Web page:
Chemical engineering intern is at the forefront of clean energy innovation
The clean energy sector continues to rapidly expand in the U.S. According to the 2023 U.S. Energy and Employment Report, 114,000 jobs were created last year, and the clear energy sector now comprises over 40% of total energy jobs. To meet the growing demand, many energy companies are investing in developing new talent through scholarships and internship programs.
Rising senior Alexis Allegro is currently interning with ExxonMobil, where she has been able to hone the skills acquired during her time at the College of Engineering and Computing.
Allegro’s interest in science and math started at an early age. She knew she wanted to join the clean energy industry after developing an interest in sustainability through the college’s next energy class, taught by Chemical Engineering Professor Jochen Lauterbach.
“He is very passionate about sustainability. Talking to him inspired me and made me realize that there was a real difference that I'd be able to make,” Allegro says.
Allegro’s passion for sustainability blossomed last summer in her home state, when she worked on a clean energy team at New Jersey Resources. “I worked alongside the engineers and business team, and I learned a lot from both perspectives,” Allegro says. “They're taking a lot of leaps over the next few years to become more sustainable, and I saw how they were planning on doing that.”
Following her experience at New Jersey Resources, Allegro knew ExxonMobil’s internship program was her first choice because she wanted to explore a wider variety of chemical engineering applications. She is currently assigned to a team that creates several types of rubber and among her daily activities, Allegro not only shadows senior employees but is also given the opportunity to work independently.
“Most of the projects that I'm working on are solely mine, but along the way I get help from a lot of the full-time employees. If I have any questions about what I'm supposed to do next, they’re always able to help me," Allegro says. "I’ve also had opportunities to listen to presentations from various leaders in the sustainability space about what ExxonMobil is doing."
In addition to her professional experiences, Allegro is very involved at the university. She is the co-president of the University of South Carolina chapter of the American Institute of Chemical Engineers, where her duties include organizing events like career fairs, panels and socials for the club’s members.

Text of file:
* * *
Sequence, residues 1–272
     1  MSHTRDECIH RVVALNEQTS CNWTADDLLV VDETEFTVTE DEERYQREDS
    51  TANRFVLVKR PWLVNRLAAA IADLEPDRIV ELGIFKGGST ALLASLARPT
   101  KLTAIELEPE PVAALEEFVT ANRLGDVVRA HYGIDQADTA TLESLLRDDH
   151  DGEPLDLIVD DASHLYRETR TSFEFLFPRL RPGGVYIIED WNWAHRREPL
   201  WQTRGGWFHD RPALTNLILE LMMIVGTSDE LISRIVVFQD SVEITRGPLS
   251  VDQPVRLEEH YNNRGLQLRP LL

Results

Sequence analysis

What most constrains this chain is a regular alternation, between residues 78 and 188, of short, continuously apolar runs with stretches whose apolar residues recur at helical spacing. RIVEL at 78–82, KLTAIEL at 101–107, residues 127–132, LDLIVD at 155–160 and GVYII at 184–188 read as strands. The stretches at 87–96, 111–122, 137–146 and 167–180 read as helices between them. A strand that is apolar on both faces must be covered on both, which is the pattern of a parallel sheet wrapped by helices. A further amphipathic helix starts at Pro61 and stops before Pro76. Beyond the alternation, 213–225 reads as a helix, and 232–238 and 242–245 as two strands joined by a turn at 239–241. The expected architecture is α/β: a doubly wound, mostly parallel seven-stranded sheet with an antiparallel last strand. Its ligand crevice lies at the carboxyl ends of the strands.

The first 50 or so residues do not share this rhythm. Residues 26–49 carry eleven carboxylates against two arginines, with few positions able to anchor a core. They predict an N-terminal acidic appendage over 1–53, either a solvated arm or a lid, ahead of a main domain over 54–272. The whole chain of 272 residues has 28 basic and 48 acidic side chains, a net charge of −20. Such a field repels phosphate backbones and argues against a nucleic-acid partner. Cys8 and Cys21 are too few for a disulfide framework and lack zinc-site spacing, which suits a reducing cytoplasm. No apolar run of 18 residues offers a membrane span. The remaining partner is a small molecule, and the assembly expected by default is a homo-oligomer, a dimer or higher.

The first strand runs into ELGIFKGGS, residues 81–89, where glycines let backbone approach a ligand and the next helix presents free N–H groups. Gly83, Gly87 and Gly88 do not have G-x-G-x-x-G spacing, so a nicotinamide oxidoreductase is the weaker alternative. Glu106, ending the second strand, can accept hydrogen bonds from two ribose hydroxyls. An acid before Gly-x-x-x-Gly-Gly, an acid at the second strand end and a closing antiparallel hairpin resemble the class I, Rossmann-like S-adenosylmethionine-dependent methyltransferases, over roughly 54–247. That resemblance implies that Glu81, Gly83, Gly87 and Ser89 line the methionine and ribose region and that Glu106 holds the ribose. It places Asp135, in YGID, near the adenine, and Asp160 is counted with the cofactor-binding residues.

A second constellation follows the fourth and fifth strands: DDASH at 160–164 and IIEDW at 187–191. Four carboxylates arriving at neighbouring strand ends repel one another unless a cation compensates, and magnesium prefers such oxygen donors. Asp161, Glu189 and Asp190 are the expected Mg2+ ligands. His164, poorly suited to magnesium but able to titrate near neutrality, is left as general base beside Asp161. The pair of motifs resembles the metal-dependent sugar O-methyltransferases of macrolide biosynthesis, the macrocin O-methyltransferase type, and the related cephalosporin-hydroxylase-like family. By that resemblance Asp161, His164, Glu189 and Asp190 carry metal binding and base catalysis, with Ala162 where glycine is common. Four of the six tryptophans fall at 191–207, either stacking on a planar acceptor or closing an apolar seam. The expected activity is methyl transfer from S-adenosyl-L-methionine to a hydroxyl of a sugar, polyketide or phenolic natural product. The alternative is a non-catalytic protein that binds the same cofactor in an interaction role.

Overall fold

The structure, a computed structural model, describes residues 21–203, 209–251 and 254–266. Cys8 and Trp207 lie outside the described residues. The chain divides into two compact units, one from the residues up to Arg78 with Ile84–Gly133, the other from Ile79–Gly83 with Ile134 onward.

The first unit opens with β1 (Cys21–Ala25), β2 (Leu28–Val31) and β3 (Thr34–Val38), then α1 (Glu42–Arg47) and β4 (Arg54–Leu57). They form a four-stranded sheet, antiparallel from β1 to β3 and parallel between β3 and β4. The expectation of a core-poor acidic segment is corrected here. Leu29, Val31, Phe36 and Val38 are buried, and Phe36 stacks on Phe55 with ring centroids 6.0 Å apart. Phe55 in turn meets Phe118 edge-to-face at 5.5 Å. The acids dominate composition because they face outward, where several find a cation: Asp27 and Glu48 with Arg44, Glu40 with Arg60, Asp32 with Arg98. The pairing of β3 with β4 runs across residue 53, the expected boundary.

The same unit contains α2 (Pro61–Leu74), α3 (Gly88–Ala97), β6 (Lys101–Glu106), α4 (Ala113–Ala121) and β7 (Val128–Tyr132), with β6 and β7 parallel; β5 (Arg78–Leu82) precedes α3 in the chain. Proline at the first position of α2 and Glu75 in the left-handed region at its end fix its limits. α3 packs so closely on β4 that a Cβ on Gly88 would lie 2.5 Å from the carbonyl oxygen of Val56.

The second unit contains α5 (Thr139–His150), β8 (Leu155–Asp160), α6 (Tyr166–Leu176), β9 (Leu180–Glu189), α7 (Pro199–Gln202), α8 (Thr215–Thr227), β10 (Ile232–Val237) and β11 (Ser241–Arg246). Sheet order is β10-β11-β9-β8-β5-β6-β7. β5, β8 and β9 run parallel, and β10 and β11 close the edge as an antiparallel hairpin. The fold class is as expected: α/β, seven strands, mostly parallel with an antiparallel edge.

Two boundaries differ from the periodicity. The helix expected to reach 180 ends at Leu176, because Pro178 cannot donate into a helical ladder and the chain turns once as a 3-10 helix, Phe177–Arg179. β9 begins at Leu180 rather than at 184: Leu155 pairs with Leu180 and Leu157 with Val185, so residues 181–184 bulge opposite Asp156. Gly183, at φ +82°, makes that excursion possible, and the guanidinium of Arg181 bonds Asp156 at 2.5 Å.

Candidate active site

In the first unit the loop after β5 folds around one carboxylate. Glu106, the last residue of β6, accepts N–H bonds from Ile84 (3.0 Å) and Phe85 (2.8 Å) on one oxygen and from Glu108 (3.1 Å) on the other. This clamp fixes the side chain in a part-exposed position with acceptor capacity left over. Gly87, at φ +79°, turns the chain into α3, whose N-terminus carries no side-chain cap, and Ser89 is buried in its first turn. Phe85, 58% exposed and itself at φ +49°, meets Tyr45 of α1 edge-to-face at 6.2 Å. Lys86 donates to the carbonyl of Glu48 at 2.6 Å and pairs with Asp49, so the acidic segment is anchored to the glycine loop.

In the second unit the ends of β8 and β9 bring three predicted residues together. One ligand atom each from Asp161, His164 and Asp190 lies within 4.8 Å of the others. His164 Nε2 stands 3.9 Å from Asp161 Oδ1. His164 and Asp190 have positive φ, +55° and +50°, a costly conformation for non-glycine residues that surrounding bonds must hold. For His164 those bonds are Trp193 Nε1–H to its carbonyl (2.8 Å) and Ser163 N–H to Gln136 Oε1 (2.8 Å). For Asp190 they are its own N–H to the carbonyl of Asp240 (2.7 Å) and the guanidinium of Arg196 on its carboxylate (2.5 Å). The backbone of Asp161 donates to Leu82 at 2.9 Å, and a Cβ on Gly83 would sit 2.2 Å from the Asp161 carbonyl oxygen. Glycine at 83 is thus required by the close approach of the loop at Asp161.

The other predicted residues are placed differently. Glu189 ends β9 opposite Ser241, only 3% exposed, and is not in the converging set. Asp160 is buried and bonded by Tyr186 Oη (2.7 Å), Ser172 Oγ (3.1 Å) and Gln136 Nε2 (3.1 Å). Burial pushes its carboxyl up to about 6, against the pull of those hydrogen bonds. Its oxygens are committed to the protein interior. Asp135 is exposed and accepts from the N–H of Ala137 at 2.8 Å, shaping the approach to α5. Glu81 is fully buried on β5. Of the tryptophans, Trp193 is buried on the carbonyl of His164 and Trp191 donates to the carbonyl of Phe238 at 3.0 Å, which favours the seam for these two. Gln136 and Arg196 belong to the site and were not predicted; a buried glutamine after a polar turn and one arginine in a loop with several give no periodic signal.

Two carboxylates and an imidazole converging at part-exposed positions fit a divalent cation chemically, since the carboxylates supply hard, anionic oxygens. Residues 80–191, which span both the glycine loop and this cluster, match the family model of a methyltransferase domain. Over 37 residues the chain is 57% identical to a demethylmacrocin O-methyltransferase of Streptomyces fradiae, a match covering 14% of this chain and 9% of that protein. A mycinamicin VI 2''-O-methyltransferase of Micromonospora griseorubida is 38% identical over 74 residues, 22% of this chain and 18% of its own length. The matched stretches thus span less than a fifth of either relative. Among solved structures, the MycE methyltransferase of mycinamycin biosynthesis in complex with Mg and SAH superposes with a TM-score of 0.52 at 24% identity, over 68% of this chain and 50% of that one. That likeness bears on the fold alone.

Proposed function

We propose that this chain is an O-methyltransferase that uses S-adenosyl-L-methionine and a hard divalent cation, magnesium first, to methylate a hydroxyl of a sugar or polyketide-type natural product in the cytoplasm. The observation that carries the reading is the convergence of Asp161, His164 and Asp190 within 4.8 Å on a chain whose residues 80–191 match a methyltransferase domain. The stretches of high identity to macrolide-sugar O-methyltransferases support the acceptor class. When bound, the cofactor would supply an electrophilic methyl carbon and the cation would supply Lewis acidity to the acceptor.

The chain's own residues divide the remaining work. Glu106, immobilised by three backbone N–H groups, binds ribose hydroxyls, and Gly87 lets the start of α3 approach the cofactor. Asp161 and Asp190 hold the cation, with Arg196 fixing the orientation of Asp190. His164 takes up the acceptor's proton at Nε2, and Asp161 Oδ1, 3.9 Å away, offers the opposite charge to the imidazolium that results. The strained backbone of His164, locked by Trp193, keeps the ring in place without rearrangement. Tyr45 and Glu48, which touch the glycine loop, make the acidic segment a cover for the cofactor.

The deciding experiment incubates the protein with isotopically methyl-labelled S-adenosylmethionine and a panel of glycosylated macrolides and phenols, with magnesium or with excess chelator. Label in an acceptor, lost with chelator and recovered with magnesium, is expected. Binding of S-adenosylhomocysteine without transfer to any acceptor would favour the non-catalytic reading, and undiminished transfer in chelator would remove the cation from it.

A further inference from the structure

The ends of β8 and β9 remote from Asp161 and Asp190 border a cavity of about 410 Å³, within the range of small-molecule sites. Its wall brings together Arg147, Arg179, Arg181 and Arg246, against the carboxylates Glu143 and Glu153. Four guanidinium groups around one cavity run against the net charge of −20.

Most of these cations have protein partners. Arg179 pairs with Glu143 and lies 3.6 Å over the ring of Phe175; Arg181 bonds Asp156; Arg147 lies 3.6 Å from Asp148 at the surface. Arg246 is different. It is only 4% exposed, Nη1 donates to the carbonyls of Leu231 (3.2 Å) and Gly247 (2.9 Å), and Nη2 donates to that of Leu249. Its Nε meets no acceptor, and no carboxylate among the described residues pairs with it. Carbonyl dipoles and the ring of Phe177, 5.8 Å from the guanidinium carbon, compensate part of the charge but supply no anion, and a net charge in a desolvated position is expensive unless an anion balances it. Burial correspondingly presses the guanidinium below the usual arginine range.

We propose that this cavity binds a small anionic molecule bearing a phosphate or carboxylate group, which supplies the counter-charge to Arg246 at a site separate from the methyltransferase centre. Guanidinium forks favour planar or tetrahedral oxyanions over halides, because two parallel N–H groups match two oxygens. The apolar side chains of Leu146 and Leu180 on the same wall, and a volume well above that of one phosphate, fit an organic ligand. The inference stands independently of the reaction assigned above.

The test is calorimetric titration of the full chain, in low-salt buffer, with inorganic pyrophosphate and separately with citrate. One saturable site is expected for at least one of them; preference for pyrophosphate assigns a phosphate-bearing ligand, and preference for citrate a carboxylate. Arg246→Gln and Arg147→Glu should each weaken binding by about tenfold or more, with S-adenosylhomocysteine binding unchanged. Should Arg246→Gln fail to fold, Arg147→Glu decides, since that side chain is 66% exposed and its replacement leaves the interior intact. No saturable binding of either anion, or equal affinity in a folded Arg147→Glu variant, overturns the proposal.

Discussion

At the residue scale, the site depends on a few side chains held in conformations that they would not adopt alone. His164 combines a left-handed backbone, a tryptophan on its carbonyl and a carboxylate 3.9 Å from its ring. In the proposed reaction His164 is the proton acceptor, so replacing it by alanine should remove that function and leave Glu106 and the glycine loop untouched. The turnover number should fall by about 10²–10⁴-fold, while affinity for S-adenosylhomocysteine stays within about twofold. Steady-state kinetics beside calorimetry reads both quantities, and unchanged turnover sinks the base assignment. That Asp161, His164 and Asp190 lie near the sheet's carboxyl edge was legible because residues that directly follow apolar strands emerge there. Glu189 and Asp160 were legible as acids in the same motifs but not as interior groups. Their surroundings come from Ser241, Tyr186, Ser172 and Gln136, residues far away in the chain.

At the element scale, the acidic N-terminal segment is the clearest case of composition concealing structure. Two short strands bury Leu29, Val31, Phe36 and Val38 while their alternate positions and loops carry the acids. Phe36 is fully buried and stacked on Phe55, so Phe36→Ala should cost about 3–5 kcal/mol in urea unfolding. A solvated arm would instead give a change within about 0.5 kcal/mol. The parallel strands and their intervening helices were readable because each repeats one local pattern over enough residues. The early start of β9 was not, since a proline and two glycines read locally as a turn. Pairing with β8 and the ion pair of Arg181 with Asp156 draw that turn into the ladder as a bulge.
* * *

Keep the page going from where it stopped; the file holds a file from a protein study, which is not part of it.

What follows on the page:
She also participates in undergraduate research as a part of the SmartState Center for Strategic Approaches to the Generation of Electricity lab at USC. Working under Lauterbach, she has contributed to a project that explores ammonia as a carbon-free energy carrier for transportation applications.
“It's really interesting to be able to work on projects that are different from what we would do in the classroom,” Allegro says. “In the classroom, you're given a specific problem with a specific answer to. In the research lab, that's not always necessarily the case.”
Lauterbach describes Allegro as an important member of his research team, and he sees her being successful in any environment. “Alexis has solid technical knowledge, but what makes her even more valuable is her outgoing personality and teamwork skills,” Lauterbach says. “Teamwork has become very important in interdisciplinary companies such as ExxonMobil.”
After graduation, Allegro plans to explore job opportunities at ExxonMobil and other similar companies. “I want to work at a company where I feel like I can make a difference,” Allegro says. “My experiences in the past year have made me excited for my career as a chemical engineer because I’ve realized there really are no limits to how much you can do.”